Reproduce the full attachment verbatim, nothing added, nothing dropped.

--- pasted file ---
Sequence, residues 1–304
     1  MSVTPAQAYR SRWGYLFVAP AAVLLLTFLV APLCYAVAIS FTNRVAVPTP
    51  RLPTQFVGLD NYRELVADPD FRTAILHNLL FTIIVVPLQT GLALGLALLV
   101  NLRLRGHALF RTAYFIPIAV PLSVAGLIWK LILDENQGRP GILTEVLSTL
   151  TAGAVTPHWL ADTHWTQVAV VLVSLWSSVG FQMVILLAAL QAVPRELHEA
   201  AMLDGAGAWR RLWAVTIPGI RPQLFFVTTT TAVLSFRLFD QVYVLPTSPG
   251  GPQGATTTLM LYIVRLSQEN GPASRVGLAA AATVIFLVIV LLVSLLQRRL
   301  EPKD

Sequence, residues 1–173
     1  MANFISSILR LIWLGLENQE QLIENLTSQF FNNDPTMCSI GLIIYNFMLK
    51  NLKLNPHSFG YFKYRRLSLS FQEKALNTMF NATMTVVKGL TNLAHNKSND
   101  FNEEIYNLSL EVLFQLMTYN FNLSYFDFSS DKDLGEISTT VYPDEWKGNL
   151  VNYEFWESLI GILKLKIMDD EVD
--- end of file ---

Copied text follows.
Sequence, residues 1–304
     1  MSVTPAQAYR SRWGYLFVAP AAVLLLTFLV APLCYAVAIS FTNRVAVPTP
    51  RLPTQFVGLD NYRELVADPD FRTAILHNLL FTIIVVPLQT GLALGLALLV
   101  NLRLRGHALF RTAYFIPIAV PLSVAGLIWK LILDENQGRP GILTEVLSTL
   151  TAGAVTPHWL ADTHWTQVAV VLVSLWSSVG FQMVILLAAL QAVPRELHEA
   201  AMLDGAGAWR RLWAVTIPGI RPQLFFVTTT TAVLSFRLFD QVYVLPTSPG
   251  GPQGATTTLM LYIVRLSQEN GPASRVGLAA AATVIFLVIV LLVSLLQRRL
   301  EPKD

Sequence, residues 1–173
     1  MANFISSILR LIWLGLENQE QLIENLTSQF FNNDPTMCSI GLIIYNFMLK
    51  NLKLNPHSFG YFKYRRLSLS FQEKALNTMF NATMTVVKGL TNLAHNKSND
   101  FNEEIYNLSL EVLFQLMTYN FNLSYFDFSS DKDLGEISTT VYPDEWKGNL
   151  VNYEFWESLI GILKLKIMDD EVD